While Johnson was an excellent lecturer and delighted in teaching, his activities during this time were often conducted away from the campus. As a consultant to the Department of Health, Education, and Welfare he was in Washington for prolonged periods of time, assisting the agency in promoting research and training activities in speech pathology and audiology. As such, he was largely responsible for the great growth of the profession during the Kennedy and Johnson administrations. I feel that Jack's greatest contribution to education of students at the university was in the occasional seminars he conducted and in the interaction with his graduate assistants and those whose dissertations he was directing. The seminar format revealed a Johnson who was a much more potent teacher than was apparent when he delivered a prepared lecture. Often you had the feeling that the topic for the day was whatever interested him at the time and ranged from "why white bread is not as good as it used to be" through "you are better off buying a used car" to "anybody who likes dry martinis, reads Pogo, and voted at least once for Adlai Stevenson is an all right guy."
His absences from campus limited the number of doctoral students he could sponsor. The wait to confer with him when he was back on campus was well worth it and I believe that Jack's greatest teaching impact on me was in directing my dissertation and strengthening the discipline a student needs to assess findings and write results clearly and convincingly. Writing gave him great pleasure but he never seemed to be completely satisfied with whichever draft he was working on. He appeared truly to live one of the sentences from his Your Most Enchanted Listener: "All roads of wonder lead, with much meandering, to the Rome of self-fulfillment, a city within a city within a city without end." One of the most amusing memories I have of Jack is of him standing with his coat and hat on and his briefcase at his side, editing a "final" chapter of Your Most Enchanted Listener on top of a file cabinet. He was to catch a plane to Washington in a few minutes but could not leave without one last shot at the manuscript which was to be mailed to the publisher that day. Every secretary in the office was busy on some phase of the task; one would re-type the manuscript and give it to another who would take it to Jack for approval when he would again start making changes. Each time a "completed" draft was delivered to him, he would find one or two more things to do with it until the head secretary finally intercepted the rotation and put the document in the mail. His perfectionism was not nearly so amusing to the student doing a dissertation. My euphoria over him telling me that one of my chapters was the "best second draft" he had ever read did not carry over when I later found that the eighth draft of that same chapter was still "not quite right." I did not know at the time that Johnson had written "we keep on revising the rest of our days" but I came to believe it the closer the deadline for graduation came.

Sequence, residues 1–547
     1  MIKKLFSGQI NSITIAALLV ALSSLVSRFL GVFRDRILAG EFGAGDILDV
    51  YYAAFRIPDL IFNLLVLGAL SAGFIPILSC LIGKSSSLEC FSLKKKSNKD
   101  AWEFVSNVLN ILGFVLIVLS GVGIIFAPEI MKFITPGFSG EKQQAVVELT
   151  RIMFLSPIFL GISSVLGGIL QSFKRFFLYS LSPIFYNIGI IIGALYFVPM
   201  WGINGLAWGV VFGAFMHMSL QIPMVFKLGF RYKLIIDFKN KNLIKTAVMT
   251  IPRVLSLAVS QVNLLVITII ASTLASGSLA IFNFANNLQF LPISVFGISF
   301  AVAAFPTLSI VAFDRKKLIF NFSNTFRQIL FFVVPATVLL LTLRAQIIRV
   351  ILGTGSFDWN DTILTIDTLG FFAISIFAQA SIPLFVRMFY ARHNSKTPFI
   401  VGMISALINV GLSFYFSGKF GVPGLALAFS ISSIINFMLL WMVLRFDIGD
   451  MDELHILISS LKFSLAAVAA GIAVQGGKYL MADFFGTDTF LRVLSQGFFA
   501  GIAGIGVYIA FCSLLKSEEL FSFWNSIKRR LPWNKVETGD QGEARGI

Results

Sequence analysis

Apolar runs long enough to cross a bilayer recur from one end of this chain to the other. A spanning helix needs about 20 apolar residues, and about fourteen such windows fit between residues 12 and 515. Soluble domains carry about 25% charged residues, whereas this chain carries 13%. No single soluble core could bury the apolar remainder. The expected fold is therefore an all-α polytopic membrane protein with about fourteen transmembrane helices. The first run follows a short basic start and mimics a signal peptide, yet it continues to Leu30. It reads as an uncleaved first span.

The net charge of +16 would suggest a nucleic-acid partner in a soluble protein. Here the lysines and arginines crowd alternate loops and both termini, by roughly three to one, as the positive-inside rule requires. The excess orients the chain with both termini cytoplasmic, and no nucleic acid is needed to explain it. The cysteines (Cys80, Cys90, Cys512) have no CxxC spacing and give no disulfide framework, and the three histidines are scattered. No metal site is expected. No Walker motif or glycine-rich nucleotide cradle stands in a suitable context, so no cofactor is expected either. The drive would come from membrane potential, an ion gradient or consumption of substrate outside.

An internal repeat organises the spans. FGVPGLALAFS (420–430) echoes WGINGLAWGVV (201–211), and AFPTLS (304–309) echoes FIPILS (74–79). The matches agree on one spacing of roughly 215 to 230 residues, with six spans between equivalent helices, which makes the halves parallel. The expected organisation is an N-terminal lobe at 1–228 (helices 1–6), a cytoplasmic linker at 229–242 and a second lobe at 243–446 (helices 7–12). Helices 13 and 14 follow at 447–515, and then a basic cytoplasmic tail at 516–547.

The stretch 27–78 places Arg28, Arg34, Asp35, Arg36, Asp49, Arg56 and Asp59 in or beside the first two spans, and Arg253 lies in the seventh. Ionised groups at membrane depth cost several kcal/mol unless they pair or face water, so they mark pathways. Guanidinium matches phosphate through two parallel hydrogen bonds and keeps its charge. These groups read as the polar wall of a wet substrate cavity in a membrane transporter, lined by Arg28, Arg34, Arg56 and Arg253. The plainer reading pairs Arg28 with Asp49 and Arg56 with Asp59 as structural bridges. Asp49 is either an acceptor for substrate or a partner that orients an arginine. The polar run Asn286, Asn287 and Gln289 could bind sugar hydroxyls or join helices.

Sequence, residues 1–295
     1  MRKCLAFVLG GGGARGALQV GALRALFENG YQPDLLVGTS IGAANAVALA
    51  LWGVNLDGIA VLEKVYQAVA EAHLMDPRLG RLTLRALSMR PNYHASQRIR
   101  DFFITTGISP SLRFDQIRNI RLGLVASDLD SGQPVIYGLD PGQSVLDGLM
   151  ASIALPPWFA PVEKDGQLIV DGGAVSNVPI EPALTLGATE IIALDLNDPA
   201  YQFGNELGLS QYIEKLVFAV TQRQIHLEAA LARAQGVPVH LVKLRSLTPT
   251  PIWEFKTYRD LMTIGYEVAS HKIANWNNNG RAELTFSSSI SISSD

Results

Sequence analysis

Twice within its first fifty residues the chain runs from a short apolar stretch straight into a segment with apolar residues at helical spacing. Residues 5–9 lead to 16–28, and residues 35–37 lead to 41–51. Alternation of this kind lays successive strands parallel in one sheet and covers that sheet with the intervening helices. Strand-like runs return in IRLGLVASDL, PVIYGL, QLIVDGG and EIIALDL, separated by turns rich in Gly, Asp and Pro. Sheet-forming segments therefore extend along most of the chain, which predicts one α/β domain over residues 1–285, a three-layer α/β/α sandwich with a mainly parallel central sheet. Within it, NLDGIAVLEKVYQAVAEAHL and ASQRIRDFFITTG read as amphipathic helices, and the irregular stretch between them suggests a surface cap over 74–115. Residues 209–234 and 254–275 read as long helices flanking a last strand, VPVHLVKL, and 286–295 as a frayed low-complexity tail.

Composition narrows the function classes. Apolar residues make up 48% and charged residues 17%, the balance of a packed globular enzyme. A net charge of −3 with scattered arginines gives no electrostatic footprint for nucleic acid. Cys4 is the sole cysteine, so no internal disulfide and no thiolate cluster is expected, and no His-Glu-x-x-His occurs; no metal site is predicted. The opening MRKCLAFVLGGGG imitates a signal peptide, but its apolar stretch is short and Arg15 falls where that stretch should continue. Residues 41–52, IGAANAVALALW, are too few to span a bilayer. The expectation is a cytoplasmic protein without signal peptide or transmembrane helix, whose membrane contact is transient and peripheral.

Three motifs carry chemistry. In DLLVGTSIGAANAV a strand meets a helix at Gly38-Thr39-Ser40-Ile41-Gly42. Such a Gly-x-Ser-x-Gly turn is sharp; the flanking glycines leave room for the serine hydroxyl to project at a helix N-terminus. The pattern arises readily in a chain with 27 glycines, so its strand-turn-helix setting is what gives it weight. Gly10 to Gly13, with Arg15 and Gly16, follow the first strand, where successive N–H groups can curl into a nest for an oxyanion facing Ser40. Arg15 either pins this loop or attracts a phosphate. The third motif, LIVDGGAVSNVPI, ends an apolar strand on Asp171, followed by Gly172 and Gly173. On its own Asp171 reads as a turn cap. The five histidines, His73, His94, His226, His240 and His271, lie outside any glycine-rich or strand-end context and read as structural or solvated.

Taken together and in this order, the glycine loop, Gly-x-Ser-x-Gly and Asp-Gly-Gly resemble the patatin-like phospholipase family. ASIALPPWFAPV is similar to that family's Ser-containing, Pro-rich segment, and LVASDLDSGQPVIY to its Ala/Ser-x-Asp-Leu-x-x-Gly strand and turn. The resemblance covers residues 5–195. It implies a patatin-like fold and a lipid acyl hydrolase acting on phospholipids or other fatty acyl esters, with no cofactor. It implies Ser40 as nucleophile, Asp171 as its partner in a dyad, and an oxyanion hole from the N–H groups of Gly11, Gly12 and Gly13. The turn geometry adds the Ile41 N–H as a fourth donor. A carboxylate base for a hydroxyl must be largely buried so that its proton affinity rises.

The man I knew seemed exceedingly gentle and incapable of angering. His disposition had a very calming effect in otherwise trying times. During the oral examination of his last doctoral student, one of the faculty members got slightly carried away and charged the candidate with questioning his honesty. The student was speechless at the accusation and in the ensuing silence, Johnson quietly said "Well, Blank, if the shoe fits . . .." The remainder of the examination was held without rancor. The closest I can recall seeing Jack react in anything less than a dispassionate manner was during a faculty-staff meeting. For whatever reason, we were all at-tempting to defend a particularly unworthy person who had committed some incomprehensible act. One of the faculty, trying to put the best face on it, said at least the person was sincere. Johnson reacted immediately: "Sincere? A cockroach is sincere!" End of discussion.
It is difficult for me to evaluate Johnson as a scientist. Unquestionably, he brought more science to speech pathology and the study of the problem of stuttering than any other in the field, and he certainly demonstrated one of the highest qualifies of a true scientist when he abandoned his early theories of stuttering in the light of new information. I think he was also unsure of himself in this regard. When Martin Young asked him on one occasion what he would do if he suddenly came across a fact that would negate his entire theory of stuttering, his reply was as brief as it was quick: "I don't know." That answer might well apply to any or all of us who contend we are "scientists." I think that Johnson's real contributions here were in the application of new knowledge to clinical problems. If you were to ask where Johnson would sit in the pantheon of scientists at the University of Iowa I would have to say: "probably not in the front row." If the criteria were where would he rank on innovation and practical application, I knew of none superior at Iowa.